Najwa Awad is a licensed clinical social worker (LCSW-C) that has provided psychotherapy to individuals and families in the Baltimore-Washington metropolitan area for over 10 years. She obtained a Bachelors degree in Psychology at George Mason University in 2005. In 2007 she received a Masters in Social Work at Virginia Commonwealth University specializing in the clinical treatment of individuals and families. Najwa also has post graduate education in the treatment of complex psychiatric trauma and telemental health (online counseling).  Her experience in the field is diverse and includes providing services at group homes, schools and in the foster cares system.  Most recently Najwa has been working and supervising in outpatient mental health settings providing psychotherapy to women, children and families. Commonly treated issues include trauma, mood disorders, behavioral disorders and anxiety. In addition to giving regular mental health workshops in the community, Najwa is also Fellow at the Yaqeen Institute for Islamic Research.

https://muslimmatters.org/2013/05/31/six-stories-down-when-its-more-than-just-the-baby-blues/

https://muslimmatters.org/2014/10/16/whats-the-matter-postpartum-or-more/

https://muslimmatters.org/2010/06/16/my-dear-sister-submit-for-your-babys-sake/

[1] https://www.ncbi.nlm.nih.gov/pmc/articles/PMC3768229/

[2] Gavin, N.I., Gaynes, B.N., Lohr, K.N., Meltzer-Brody, S., Gartlehner, G., Swinson, T.(2005). Perinatal depression: a systematic review of prevalence and incidence. Obstetrics and Gynecology, 106 (5, Pt 1):1071-1083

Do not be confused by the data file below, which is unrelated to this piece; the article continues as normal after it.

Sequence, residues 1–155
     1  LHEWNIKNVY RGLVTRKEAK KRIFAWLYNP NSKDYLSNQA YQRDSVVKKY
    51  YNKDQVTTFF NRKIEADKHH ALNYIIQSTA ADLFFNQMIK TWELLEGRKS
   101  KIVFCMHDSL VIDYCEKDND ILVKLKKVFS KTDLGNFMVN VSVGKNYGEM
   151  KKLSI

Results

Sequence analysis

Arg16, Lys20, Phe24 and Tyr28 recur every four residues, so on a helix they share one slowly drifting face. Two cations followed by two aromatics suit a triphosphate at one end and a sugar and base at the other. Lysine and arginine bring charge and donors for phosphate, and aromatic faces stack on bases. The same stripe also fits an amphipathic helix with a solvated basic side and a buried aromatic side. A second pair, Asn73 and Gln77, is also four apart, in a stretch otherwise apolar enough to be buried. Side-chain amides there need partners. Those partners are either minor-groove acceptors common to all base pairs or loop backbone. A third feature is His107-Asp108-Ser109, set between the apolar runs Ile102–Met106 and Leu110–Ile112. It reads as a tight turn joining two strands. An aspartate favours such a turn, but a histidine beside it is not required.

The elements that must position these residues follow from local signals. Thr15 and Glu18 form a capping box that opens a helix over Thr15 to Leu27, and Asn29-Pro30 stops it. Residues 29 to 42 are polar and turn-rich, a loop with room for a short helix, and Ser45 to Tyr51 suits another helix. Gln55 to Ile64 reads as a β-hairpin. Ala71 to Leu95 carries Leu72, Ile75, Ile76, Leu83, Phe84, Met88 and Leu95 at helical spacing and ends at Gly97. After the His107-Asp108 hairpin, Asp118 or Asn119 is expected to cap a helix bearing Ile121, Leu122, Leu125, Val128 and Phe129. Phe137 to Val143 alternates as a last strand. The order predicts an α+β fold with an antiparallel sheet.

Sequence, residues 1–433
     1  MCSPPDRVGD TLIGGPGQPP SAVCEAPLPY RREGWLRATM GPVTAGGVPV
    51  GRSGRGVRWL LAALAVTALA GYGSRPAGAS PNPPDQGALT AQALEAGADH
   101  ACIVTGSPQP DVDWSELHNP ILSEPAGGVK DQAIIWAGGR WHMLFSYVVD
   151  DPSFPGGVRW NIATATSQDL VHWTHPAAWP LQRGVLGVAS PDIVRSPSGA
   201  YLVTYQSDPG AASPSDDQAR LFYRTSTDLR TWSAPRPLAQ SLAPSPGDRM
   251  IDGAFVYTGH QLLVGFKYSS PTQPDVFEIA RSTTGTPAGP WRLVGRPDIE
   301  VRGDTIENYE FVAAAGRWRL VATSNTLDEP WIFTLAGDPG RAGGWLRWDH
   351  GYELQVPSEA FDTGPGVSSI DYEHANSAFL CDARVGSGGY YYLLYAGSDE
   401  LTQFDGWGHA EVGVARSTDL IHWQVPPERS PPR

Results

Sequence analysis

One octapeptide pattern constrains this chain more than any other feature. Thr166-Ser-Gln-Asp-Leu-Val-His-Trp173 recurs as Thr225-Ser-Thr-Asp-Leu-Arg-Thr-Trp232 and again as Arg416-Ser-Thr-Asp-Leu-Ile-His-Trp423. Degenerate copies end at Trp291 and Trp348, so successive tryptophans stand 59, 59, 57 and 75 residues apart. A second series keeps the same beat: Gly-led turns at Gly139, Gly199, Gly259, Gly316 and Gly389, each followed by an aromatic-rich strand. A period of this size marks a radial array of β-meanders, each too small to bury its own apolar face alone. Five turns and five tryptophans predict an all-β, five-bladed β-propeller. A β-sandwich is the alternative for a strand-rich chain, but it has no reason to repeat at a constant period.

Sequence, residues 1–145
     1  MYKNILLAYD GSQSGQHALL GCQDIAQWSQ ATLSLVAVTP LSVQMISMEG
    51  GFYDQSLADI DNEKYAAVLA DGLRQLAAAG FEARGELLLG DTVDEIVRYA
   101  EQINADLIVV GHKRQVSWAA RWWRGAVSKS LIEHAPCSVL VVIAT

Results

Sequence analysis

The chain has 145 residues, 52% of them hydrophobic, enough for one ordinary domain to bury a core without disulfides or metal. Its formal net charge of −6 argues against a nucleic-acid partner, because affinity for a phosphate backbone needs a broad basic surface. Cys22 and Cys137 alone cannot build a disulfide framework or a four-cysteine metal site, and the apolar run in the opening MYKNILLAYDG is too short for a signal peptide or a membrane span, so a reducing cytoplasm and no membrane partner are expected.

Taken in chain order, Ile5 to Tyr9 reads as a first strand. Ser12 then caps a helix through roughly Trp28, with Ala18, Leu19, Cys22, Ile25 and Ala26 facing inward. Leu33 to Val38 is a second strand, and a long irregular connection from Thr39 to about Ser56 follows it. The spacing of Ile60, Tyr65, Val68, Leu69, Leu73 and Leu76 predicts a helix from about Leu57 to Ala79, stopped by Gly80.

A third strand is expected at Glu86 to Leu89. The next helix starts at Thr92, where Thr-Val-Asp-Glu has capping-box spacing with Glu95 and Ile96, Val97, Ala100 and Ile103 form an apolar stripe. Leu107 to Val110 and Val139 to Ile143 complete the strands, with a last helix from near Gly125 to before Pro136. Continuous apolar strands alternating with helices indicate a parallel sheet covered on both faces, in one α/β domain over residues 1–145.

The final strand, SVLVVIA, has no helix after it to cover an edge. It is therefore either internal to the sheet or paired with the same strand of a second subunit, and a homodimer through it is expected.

[3] https://www.ncbi.nlm.nih.gov/pmc/articles/PMC3768229/

Najwa Awad is a psychotherapist and research fellow at Yaqeen Institute. She obtained a Bachelors degree in Psychology at George Mason University in 2005. In 2007 she received a Masters in Social Work at Virginia Commonwealth University specializing in the clinical treatment of individuals and families.

2 Comments

2 Comments

  1. Zeba Khan

    Zeba Khan

    February 26, 2019 at 12:23 PM

    So happy to see this being discussed. We brush PPD under the rug and hold motherhood up as the zenith of female accomplishment- but when you have a baby and feel awful instead of YAY all the time, that’s normal. Motherhood is worth so much in the eyes of Allah BECAUSE it’s hard. Supporting women going through hardship is a better way of setting them up for success than simply pretending it’s all good in the motherhood.

  2. Avatar

    UmmAbdurrahman